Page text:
of the way; then, you unlay the wire, exposing the core.
you install the supplied cone over the core, leaving an amount of core equal to
1-1/2 X the wire diameter exposed above the core. With this done, you have
to reform the outer wires over the core, keeping it in the right location.
This was sort of a pain, but worked out OK once I got the hang of it.
you bring the lower half of the fitting up and screw in the eye/top of the
fitting. You screw it down tight, then remove the top and check to ensure
that the wires are evenly distributed around the cone. Mine were.
Then, you apply a gob of sealant inside the fitting and screw down the top
again, making sure that sealant comes out the bottom of the fitting.
Unscrewing the top one last time, I applied some thread locking compound and
tightened it the final time. The fitting is now installed.
At this point, the furler is assembled as much
as it can be until the mast is stepped. At that time, the turnbuckle will
have to be accessed again to tune the mast. When that is all set, the drum
can be reassembled.
the mast was stepped, I completed the installation. All I had to do was
reinstall the parts of the drum, which I had left off during initial
installation to protect the components. The drum comes in four pieces--two
halves for the top and bottom sections--that simply screw together once inserted
in slots in the furling lower swivel. Then, the stainless steel line guard
could be installed. Of course, I had to be very careful not to drop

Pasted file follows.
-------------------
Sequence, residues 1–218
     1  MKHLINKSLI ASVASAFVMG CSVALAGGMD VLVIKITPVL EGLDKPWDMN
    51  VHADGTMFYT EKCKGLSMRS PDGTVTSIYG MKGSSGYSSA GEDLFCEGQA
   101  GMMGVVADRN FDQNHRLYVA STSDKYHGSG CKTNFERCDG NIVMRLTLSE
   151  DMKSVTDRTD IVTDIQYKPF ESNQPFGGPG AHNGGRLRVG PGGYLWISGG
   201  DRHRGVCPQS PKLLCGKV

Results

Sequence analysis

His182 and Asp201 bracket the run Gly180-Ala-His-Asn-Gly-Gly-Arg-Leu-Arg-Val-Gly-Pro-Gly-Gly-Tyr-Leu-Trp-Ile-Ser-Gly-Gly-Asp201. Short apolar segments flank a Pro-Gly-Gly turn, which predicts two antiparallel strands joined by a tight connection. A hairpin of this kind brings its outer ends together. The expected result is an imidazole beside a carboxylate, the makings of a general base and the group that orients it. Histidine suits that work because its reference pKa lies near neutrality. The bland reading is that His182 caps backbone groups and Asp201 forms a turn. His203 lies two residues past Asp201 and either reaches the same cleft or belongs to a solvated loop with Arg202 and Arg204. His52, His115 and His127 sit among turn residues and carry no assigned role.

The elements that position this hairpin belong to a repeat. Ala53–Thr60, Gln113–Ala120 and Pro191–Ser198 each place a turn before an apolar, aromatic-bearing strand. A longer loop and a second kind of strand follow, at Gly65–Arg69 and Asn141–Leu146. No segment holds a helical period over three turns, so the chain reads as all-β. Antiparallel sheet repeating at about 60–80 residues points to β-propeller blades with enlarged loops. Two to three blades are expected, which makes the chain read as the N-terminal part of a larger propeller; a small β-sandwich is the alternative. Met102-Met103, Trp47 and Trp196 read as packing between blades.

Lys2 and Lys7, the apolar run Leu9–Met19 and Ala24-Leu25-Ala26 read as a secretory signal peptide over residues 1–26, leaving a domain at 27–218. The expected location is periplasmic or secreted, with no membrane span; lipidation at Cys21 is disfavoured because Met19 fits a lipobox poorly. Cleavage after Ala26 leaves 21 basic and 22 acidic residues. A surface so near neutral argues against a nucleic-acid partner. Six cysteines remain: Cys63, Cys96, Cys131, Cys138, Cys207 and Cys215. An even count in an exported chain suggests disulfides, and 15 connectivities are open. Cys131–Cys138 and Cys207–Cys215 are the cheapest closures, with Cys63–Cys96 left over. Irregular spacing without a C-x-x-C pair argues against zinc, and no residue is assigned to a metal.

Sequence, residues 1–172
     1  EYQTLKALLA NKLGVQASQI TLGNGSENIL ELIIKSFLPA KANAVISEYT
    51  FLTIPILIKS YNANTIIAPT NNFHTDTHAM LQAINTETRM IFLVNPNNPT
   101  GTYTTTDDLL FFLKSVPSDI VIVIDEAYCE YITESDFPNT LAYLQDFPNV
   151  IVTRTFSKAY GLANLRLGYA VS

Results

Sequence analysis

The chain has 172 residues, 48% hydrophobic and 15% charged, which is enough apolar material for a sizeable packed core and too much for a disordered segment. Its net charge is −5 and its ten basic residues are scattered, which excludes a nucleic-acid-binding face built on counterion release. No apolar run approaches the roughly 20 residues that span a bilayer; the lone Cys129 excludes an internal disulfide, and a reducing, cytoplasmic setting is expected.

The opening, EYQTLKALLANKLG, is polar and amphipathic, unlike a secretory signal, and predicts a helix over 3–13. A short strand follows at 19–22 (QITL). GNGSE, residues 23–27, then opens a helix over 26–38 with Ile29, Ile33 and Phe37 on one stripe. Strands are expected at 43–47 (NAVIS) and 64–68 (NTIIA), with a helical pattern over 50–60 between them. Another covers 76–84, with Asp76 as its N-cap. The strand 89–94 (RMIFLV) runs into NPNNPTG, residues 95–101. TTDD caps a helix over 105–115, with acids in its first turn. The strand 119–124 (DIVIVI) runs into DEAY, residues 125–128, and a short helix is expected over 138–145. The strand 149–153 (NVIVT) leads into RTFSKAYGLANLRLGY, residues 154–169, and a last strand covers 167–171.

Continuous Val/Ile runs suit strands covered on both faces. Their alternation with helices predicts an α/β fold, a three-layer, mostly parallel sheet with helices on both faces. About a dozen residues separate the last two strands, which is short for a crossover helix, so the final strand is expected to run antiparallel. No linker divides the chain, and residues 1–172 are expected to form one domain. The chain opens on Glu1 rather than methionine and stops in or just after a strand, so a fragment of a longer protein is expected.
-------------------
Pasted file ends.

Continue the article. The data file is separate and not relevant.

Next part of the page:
finally got the drum completely installed. It took a little while to get
the stainless guard aligned properly--it was tough getting the allen screws
started in the tight space beneath the drum. Plus, everything is 100 times
harder when you're surrounded by water.
Once that was done, I led the furling line aft
through a series of block (see below) to the cockpit. with everything set
up, I called my sailmaker to come out and take final measurements for the new
genoa I had ordered months before. We had agreed that we wanted to make
sure that the hoist was exactly right, and that meant having the mast stepped
and furler installed to be sure. However, I only had to wait a few days
for my sail to be completed. When it was, I hoisted it up and tried my new
gear. It was wonderful, although it looked like maybe I'd have to adjust
the placement of the forwardmost block a little bit.
When I installed the lifelines and stanchions,
I also installed some neat Schaefer Clear Step guide blocks. They slip
over the tops of the stanchions and are secured wherever you want them with a
set screw. These keep the roller furling line out of the way.
There are three of these blocks--one on each stanchion--plus a spring-mounted
block on the pulpit. These are part of a kit I purchased for my Schaefer
unit, although the kit comes only with two stanchion blocks, so I bought a third
have now used the system for a full season. We are extremely happy with
it--it rolls very easily, and has never been a problem. No maintenance was
required. I rerouted the furling line slightly after I found that the line
would sometimes become too loose when unfurling, which allowed it to once get
stuck at the forward side of the drum. I was easily able to clear the
snag, and I noticed it before it became any more of a problem. Moving the
pulpit-mounted spring block further forward provided a better lead, and the
system was flawless thereafter.